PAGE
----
Sydney broke me. I realise that now. I forget the effect it had on my life until I’m back here. I was walking up Darlinghurst Rd with my producer and a few cast mates the other day, hanging up posters for our show because our theatre is just down the road in Woolloomooloo. We turned left onto Bayswater Rd and I couldn’t keep going. I couldn’t walk past a particular street. It was an odd sensation, feeling trapped in my shoes. It’s like being stuck in tar. I started to cry, the tears prickling in the corners of my eyes as the band around my head tightened. My wife asked me what it was that hurt me so. I couldn’t tell her. That fear was back, laced with a sprinkling of shame. This is the place where I learned not to care. This is the place where I hardened my heart and my soul. This is the place where I fell apart, bits of me scattering everywhere, and I still can’t put the pieces back together again.

Never before has my mental illness affected my ability to perform, but tonight it did. My head was scattered, my thoughts disappearing into black holes. Being here a week, trying to keep it together, dealing with missing my cats and my home and my ordinary love-filled life finally dealt its blow and I gave one of the worst performances of my career. I came offstage and burst into tears, so embarrassed, so mortified that I couldn’t get my shit together enough to actually do my job and act well. This place is threatening to tear me apart again. Thankfully, my cast and my producer are a tight knit group of understanding and compassionate people. They deserve a better me than the one they’re getting.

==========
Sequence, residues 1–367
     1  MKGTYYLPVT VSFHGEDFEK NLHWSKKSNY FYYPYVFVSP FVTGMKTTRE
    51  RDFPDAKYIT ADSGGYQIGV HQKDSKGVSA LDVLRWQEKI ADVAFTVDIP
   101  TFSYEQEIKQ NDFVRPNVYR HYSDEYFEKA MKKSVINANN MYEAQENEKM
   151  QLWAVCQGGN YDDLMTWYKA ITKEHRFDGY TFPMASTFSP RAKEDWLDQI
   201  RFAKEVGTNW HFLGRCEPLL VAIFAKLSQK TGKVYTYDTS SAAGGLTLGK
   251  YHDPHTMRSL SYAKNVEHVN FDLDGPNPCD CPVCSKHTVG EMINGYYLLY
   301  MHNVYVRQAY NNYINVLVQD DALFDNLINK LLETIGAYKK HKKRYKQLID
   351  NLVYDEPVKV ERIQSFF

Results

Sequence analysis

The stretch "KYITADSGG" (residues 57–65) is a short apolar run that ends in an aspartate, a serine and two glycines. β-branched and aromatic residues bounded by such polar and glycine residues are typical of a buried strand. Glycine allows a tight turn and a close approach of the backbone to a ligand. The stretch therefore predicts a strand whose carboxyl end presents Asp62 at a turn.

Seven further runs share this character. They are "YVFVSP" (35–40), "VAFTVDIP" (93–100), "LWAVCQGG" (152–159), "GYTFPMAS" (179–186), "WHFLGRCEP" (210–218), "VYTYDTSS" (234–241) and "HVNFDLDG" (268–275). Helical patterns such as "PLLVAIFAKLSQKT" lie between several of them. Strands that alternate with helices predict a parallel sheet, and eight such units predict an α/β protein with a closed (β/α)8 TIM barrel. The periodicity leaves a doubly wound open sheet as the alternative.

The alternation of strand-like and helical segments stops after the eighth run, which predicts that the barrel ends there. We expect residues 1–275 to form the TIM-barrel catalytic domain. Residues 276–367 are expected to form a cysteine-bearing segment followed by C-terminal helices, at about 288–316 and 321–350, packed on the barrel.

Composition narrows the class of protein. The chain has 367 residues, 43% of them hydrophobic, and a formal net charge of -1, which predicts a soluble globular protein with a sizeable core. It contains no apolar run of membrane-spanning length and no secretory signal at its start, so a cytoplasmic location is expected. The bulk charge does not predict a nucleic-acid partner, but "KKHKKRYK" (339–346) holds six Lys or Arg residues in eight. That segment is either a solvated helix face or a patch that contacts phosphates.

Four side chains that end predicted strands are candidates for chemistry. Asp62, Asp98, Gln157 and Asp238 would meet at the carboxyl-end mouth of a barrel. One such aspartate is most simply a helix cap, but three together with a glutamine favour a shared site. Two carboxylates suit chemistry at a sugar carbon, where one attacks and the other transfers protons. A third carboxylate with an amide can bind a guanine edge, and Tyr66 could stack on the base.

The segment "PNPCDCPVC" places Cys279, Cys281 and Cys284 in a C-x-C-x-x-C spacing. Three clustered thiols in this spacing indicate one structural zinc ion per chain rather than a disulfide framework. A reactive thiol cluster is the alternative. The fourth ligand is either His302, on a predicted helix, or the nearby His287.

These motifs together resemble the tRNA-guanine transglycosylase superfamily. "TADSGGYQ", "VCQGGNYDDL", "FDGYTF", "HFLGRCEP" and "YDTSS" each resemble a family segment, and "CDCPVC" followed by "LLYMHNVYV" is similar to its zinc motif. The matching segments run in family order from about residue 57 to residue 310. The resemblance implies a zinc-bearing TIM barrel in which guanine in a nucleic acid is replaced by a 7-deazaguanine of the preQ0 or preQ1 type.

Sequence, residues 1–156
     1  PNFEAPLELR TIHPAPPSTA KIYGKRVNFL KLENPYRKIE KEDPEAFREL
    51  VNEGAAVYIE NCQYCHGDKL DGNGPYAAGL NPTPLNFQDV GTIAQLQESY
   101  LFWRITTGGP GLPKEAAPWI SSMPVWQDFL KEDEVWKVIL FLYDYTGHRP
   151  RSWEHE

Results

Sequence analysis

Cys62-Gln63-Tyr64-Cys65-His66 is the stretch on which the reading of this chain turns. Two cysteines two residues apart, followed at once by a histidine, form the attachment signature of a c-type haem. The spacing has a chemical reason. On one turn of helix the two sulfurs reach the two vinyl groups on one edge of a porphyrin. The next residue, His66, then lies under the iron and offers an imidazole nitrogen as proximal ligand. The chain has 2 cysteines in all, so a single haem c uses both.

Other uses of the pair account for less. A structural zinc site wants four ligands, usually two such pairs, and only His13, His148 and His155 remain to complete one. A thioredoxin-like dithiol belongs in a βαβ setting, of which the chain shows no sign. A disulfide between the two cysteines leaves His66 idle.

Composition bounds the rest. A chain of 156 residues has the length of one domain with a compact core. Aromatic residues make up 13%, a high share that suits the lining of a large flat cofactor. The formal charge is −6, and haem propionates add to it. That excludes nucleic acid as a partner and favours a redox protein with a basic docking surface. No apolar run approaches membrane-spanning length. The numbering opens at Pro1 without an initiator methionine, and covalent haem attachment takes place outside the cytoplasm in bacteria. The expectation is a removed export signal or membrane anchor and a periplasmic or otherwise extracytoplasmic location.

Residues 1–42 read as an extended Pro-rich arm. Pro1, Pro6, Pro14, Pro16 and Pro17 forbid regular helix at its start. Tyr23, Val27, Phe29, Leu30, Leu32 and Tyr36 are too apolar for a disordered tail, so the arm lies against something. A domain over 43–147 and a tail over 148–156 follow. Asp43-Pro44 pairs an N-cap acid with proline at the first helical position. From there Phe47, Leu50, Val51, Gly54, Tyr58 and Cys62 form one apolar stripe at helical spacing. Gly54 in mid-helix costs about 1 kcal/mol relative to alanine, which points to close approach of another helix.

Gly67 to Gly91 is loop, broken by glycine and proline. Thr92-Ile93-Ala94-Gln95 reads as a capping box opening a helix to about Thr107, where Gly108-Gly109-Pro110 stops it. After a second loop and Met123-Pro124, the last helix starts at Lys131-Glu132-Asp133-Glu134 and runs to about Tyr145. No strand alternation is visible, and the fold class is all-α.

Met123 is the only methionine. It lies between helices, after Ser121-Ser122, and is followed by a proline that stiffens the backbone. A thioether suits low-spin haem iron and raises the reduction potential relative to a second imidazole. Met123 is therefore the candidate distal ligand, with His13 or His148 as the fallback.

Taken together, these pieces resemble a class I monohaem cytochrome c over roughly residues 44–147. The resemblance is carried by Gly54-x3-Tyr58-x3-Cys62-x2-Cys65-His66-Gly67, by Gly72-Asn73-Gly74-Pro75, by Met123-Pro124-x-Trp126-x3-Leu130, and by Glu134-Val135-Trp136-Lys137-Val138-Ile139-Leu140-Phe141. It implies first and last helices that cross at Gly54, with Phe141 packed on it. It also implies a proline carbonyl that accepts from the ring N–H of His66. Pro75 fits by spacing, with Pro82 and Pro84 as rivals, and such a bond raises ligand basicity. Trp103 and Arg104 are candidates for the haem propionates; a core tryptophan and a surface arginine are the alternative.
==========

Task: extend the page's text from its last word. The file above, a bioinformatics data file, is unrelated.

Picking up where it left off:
I am tired. I am beaten. The weight of my experiences and decisions is heavy on my heart.

I am trying not to be broken.

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Pain For Art

Around September of last year, one of my closest friends was hit by car in Berlin. I got the call early in the morning from his boyfriend, the words crashing into my head and bouncing around inside my skull.

“What? Oh my God, what? Are you okay?” It was all I could say, over and over again, my incredulity belying my shock. This doesn’t happen. This stuff happens to other people, not to my friends. I start to cry. My friend – the boyfriend – starts to cry. The voice in my head utters one word:

“Nope.”